Perils of War: A Muslim View
THE bolstering of United States offensive capability in the Persian Gulf raises fresh concerns about the probability of war. Discussions have centered on the short-range military prospects of subduing Iraq. Little attention is given to the impact a war would have on the emotions of the billion-strong community of Muslims (including 6 million American Muslims) and what it would mean for long-term Western interests. Muslim perceptions would be guided more by passions than by Western expectations of logic and rationality. The governments in the moneyed Gulf belt of the Arabian peninsula are neither representative nor respected, with ruling elites owing their positions to the right blood line. These oligarchs willingly embrace Western technology and put their billions in Western banks, but they are considerably less enthusiastic about opening their societies to Western notions of democracy.
Against this backdrop, the US presence in the Persian Gulf may serve to widen the gulf between (1) moneyed Muslim elites and Muslim masses; (2) popular Islam with its appeal for socioeconomic equity and official Islam patronized by the oligarchies; and (3) Islam and the West.
A war in the Gulf would not end the crisis for the US, the Arab establishment, and Israel, which are seen by Muslim activists as having formed a trident pointing at Iraq. Even if the contest is short and intense, Iraq will benefit from sympathy among Muslims, who will see it as an outgunned underdog at the short end of a struggle with a superpower.
Moreover, any shedding of Iraqi Muslim blood could have a galvanizing, and even an inflammatory, effect on the mood of Muslim masses worldwide. The fact that Iraq sparked the crisis by invading Kuwait would pale into insignificance. This is particularly likely at a time of ascending Islamic populist fervor, which is cutting across national boundaries to reach places as far apart as Turkey, Algeria, the USSR, and Indonesia.
Recent history in the Middle East shows that thrashing an adversary on the battlefield does not necessarily ensure peace and security. Israel's trouncing of Arab armies in 1967 did not buy peace. Instead, it highlighted the Palestinian dimension of the Arab-Israeli conflict. Likewise, Iraq's likely defeat by US-led forces, though applauded by Israel and facilitated by the Arab establishment, would be felt as a Muslim humiliation and could very well introduce a pan-Islamic backlash. Incalculable power could, in effect, be handed Islamic revanchist forces. Pan-Islamism may prove a far more lethal and appealing weapon than pan-Arabism, rooted as it is in the beckoning of pristine Muslim glory.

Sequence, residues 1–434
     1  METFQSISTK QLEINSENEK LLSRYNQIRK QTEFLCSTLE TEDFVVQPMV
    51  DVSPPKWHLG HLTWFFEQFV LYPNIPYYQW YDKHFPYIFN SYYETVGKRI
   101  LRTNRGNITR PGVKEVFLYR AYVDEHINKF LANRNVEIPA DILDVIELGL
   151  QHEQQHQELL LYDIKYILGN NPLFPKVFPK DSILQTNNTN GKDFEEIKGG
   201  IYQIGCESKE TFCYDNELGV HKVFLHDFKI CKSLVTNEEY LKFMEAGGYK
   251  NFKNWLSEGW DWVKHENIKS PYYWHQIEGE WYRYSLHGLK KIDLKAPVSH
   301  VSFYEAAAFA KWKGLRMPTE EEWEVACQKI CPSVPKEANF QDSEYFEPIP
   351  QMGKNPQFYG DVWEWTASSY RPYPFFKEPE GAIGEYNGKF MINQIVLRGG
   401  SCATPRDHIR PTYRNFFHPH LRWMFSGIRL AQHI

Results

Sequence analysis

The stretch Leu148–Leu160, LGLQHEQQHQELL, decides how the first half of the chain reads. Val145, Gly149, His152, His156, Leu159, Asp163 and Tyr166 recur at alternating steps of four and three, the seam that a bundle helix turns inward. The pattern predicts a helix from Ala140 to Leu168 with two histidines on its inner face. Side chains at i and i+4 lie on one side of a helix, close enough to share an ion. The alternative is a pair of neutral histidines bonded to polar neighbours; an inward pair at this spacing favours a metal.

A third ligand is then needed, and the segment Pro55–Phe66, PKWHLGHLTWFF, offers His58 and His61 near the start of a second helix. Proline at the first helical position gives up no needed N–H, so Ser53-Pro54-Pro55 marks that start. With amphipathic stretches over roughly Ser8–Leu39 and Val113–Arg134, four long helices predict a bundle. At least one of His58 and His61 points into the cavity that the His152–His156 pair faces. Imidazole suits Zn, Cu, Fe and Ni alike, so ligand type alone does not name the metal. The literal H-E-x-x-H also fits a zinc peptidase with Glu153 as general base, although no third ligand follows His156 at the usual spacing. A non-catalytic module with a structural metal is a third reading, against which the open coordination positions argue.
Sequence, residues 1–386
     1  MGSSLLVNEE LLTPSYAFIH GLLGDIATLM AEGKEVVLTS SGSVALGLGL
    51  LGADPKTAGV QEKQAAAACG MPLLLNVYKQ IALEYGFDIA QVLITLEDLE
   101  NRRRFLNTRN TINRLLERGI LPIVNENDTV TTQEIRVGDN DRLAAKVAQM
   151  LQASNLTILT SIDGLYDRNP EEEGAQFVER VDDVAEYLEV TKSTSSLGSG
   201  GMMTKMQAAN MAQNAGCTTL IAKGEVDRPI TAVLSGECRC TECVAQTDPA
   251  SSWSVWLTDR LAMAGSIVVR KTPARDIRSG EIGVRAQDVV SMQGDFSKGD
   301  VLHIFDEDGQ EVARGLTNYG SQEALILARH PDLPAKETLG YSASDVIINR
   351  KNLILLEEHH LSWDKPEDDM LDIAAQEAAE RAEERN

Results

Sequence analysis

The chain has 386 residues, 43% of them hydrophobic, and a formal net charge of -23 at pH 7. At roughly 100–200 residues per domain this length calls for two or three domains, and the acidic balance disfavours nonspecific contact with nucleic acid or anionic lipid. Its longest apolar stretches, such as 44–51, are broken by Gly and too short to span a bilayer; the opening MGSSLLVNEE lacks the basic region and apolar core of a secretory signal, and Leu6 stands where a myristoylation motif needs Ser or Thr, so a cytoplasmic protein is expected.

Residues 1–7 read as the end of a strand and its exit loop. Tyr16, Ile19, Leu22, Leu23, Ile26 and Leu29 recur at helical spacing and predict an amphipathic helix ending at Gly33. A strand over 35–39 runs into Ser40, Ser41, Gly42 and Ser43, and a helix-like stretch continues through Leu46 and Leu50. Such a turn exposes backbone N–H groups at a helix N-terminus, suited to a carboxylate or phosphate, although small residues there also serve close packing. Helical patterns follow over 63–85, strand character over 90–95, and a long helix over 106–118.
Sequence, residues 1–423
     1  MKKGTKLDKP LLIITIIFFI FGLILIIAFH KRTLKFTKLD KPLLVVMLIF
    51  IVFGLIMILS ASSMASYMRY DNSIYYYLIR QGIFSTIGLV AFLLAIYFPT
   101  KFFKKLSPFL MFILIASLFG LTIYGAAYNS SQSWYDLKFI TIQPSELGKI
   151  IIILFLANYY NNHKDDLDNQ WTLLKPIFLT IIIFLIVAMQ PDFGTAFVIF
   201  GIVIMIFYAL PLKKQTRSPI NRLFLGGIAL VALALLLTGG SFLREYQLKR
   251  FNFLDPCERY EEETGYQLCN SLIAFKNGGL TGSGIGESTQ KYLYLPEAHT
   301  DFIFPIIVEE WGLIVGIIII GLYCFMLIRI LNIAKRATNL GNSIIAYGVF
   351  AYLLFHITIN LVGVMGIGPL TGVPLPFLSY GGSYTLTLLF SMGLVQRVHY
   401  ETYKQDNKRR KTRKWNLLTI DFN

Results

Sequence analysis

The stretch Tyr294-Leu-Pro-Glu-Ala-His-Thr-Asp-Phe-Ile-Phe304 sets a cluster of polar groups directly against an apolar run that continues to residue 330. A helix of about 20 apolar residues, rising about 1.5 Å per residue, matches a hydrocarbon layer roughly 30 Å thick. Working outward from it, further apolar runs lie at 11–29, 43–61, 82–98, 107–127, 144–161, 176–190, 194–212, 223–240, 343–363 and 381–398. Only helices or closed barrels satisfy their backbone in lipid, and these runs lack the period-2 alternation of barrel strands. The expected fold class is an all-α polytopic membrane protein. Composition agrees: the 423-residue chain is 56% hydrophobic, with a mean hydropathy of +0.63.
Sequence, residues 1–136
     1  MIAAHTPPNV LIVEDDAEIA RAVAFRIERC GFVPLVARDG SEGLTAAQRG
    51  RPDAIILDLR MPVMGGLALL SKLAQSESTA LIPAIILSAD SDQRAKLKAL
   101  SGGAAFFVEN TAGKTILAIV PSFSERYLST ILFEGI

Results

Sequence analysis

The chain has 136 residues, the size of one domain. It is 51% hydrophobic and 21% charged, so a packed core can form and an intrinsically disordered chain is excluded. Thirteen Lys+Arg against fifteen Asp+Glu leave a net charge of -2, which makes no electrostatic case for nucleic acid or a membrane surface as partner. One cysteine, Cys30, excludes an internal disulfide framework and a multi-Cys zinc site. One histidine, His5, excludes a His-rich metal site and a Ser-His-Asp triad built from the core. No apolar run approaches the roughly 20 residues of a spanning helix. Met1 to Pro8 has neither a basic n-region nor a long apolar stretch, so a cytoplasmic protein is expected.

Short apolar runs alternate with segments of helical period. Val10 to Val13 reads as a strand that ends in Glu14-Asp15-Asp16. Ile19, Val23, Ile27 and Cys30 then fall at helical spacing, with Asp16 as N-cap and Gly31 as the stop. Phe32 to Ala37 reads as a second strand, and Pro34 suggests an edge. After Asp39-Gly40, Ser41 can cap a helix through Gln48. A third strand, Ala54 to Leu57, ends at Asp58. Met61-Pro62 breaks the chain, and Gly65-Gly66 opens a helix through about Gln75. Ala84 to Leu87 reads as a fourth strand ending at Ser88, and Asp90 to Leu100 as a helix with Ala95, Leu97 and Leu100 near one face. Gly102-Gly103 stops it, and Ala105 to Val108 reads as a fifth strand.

The first target of popular ire would be the Arab establishment. This is why the Saudis, for example, could get cold feet. Israel also could be doubly pressed by resurgent Muslim activism in its region and by a Washington less tolerant of its indefinite occupation of Arab territories.
Ironically, a US military victory in the Middle East might, in the long term, be a political disaster because of the unintended forces it could unleash - which makes it all the more imperative that American troops now be gradually replaced by Muslim troops under the United Nations flag. This could be the first step in fashioning an Islamic solution to the problem of Saddam Hussein.
War could radicalize the region for generations and destabilize the very system of security which the US has ostensibly gone to the Gulf to strengthen. In one of history's great ironies, the secular Saddam might become the catalyst for Ayatollah Khomeini's unfinished agenda of spreading revolutionary Islam.
At the moment, Saddam has three key cards to play in the Muslim world: (1) the Israeli card; (2) the Robin Hood card of social justice; and (3) the Islamic card. He will continue to portray Iraq as a lone Muslim country whose adamant opposition to Israel has caused it to be encircled by modern-day Western crusaders and Arab quislings. By knocking out the opulent House of Sabah of Kuwait, Saddam is playing to the Muslim masses' sense of injustice about why so few have so much and so many have so little.
If the West winds up with greater control of the natural resources of the Muslim world, that fact alone could inadvertently help make Saddam a lightning rod of Muslim aspirations. If that happens, Operation Desert Shield may become a desert trap.